Young Farmer Banks on Beans
January 15, 2008
Young Farmer Banks on Beans
Jason Mewes is a young man who looks as if he has a lot of potential in agriculture.
And the Colgate, N.D., farmer sees a lot of potential in dry beans.
"Corn and soybean prices are high, but dry beans have been keeping up, says Mewes. We have the right soil and the right weather for dry beans. When it all comes together right, we can get 2,500-3,000 pound [per acre] yields.
Jason is one of the newest members of North Dakota Dry Bean Council. He was elected in March and serves on the councils research and food aid committees. Though he is serving his first term on the North Dakota Dry Bean Council, Jason is no stranger to commodity groups. He also serves on the North Dakota Soybean Councils research committee.
Jason and his wife, Jodi, farm with his parents Raymond and Barbara; and uncles, Ralph and Randy, and their families. Jason also operates a farm in partnership with his brother, John, a research scientist at Meridian Environmental Technologies, Grand Forks, N.D.
At 28, Jason is the youngest person in the family corporation and the only one of his parents siblings who is currently interested in farming full time. They raise corn, soybeans and dry beans pintos, navies and blacks. They plant about half their farm to corn, a quarter to soybeans and a quarter to dry beans every year.
An NDSU graduate, Mewes has a degree in agricultural economics and is getting a heavy dose of on-the-job training on the family farm. I am trying to learn everybodys jobs, he says.
Excited about ag, Jason Mewes, a new member of he North Dakota DryBean Council, says he sees a lot potential for his family's farm in the future.He is the youngest member in a diversified dry bean, corn and soybean operation. Keeping dry beans competitive with corn, soybeans and other crops is important, Mewes says. It will help insure that they have the crop rotation options in the future to remain diversified and manage risk.
Cutting labor and input
Despite current high grain prices, Jason says hes fairly nervous about whats ahead for farmers.
High commodity prices are great, he says, but costs have skyrocketed too. What happens when prices come down? Will costs stay up? he asks.
His parents, uncles and others who farmed during the boom years of the 1970s, and survived the downturn in the1980s, warn him that grain prices likely wont stay up and input costs wont come down as fast, or perhaps not at all.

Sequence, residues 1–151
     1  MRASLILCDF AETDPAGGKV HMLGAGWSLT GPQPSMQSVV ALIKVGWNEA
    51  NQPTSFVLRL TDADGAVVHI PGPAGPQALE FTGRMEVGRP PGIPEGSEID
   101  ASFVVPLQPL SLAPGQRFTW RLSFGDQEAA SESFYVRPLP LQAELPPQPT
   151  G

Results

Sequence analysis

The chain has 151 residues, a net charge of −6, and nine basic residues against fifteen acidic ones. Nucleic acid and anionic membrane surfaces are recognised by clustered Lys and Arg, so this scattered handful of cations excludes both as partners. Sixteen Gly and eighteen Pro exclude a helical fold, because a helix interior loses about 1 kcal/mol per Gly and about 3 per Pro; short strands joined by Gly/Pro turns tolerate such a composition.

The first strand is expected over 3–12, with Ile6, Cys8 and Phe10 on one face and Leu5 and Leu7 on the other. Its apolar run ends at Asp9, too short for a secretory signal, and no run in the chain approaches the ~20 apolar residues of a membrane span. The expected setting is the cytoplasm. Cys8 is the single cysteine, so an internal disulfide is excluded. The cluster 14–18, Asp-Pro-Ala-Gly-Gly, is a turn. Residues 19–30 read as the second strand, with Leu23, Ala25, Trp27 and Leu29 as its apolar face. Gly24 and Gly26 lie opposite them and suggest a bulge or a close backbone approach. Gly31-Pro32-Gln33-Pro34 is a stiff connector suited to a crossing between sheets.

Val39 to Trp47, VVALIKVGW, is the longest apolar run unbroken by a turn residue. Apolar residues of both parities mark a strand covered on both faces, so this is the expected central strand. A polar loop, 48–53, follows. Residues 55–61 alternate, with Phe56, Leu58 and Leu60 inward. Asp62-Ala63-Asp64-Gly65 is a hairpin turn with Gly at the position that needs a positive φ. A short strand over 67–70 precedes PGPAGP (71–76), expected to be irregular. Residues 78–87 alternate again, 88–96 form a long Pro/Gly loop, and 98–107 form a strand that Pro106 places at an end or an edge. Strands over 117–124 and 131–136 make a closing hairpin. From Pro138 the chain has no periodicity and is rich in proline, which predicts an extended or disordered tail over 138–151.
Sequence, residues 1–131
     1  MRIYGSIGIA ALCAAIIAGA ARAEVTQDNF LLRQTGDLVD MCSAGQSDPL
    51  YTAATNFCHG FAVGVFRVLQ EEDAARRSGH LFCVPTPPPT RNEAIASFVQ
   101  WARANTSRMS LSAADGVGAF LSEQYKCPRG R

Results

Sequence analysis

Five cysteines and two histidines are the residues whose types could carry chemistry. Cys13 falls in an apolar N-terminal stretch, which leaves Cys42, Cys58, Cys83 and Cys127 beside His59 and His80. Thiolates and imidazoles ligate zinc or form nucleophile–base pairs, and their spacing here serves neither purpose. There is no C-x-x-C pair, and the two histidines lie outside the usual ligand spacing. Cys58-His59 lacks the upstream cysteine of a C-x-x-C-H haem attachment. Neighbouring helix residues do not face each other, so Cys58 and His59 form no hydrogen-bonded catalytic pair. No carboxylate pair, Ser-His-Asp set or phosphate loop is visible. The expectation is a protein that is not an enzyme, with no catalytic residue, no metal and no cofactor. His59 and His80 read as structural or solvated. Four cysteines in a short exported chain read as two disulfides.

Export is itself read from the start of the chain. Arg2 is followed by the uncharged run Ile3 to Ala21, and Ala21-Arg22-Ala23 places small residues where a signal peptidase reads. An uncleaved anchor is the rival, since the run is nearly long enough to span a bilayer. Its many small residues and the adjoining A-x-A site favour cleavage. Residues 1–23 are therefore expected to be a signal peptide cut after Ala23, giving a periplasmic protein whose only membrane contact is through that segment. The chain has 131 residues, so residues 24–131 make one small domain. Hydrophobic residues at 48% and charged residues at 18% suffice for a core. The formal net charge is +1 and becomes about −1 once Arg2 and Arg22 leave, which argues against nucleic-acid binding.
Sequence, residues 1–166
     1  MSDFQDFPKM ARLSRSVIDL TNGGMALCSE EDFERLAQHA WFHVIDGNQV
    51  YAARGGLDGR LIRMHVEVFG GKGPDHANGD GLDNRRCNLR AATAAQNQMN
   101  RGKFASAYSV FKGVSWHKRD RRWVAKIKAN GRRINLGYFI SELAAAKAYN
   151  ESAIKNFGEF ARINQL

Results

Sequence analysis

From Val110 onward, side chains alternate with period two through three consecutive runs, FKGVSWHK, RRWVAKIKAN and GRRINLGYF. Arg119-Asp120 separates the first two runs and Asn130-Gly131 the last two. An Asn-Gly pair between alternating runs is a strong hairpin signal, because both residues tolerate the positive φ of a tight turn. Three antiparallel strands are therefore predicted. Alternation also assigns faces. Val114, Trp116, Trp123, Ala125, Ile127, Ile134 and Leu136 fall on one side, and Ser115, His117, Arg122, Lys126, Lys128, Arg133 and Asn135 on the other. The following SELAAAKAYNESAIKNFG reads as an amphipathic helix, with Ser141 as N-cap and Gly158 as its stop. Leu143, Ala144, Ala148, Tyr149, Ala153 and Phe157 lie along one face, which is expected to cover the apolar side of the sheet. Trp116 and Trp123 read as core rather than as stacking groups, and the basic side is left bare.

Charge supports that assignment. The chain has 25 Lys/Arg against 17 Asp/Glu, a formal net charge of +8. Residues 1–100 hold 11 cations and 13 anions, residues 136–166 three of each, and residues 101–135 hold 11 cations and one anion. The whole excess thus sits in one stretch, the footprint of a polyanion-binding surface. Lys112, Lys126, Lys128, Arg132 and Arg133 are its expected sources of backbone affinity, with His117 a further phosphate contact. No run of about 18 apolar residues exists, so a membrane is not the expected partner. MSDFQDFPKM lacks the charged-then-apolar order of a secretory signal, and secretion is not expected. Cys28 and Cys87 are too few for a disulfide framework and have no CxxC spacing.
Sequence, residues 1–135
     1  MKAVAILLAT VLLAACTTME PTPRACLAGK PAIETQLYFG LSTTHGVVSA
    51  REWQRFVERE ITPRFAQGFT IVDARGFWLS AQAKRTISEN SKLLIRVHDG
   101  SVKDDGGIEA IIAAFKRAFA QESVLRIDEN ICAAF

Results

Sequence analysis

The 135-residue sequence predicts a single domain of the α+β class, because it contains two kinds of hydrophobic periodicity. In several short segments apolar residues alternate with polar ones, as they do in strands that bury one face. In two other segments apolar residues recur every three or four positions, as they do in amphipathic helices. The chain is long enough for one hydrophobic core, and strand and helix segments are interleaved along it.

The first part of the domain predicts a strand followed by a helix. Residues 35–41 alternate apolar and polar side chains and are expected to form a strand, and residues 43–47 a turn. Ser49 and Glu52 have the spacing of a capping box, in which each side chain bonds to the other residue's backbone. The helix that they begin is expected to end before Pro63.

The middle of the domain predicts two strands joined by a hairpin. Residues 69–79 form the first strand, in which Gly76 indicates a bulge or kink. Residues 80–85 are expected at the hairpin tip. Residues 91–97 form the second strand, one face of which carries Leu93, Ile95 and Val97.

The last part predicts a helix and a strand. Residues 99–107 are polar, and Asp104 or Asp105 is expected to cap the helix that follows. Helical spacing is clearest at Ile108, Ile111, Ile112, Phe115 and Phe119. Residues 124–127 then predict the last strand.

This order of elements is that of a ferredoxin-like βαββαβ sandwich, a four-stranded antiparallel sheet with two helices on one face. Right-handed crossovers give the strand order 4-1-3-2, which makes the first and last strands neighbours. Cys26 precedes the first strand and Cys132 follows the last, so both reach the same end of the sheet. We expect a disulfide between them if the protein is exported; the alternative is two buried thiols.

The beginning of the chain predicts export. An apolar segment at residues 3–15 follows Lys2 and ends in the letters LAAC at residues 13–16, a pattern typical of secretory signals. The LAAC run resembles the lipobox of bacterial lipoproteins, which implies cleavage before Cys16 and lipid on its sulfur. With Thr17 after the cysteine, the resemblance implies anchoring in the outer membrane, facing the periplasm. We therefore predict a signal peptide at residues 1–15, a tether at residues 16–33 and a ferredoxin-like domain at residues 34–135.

As a result, Jason is being cautious about buying land and other major purchases. A lot of people got in financial trouble in the 1980s because they paid too much for land or got overextended. I dont want that to happen to me in a few years if things change, he says.
Rather than trying to aggressively expand the operation now, Jason and his family are focusing on finding ways to reduce labor and input costs without reducing yields.
They will try strip tilling corn for the first time next season and, if it works, they may try the new tillage system on dry beans, too. Strip tillage saves two trips across the field over the year and makes it possible to reduce fuel, labor and fertilizer costs. Fertilizer rates can be reduced because the nutrients are placed directly in the future root zone.
This fall, they tried straight combining all their dry beans with a flex head rather than cutting and windrowing the vines. Many new varieties have a more upright structure and can be straight combined, which saves a pass across the field.
The Mewes recently bought a real time kinetic global positioning system (RTK-GPS) and installed auto steering on three of their tractors. RTK gives them sub-inch, pass-to-pass guidance. They used the system for tillage, fertilizing, planting, cultivating dry beans and spraying. It reduced overlap when doing tillage, spraying pesticides or applying fertilizer. It eliminated variability in guess row spacing, which led to reduced damage to dry beans when cultivating and lower field losses when combining corn.
The big advantage RTK gave us this year was being able to plant at night, Jason says.
They ran 24 hours a day for about a week during planting. Getting corn planted early is one of the keys to maximizing yield potential. Planting delays can also hurt dry bean and soybean yield potential.
Dovetails with research
Jasons interest in reducing costs and improving yields dovetails well with his role on the North Dakota Dry Bean Council research committee. He wants to see continued investment in the NDSU dry bean breeding program. Improved varieties adapted to North Dakota and Minnesota can raise yields and make things like straight combining possible. Weed, disease and insect control are areas where significant gains could be made.
I see lots of potential for dry beans, Jason says. Its important to keep trying to increase yield potential and reduce costs.
Like father, like son, Jason and his father, Raymond, enjoy a close relationship farming.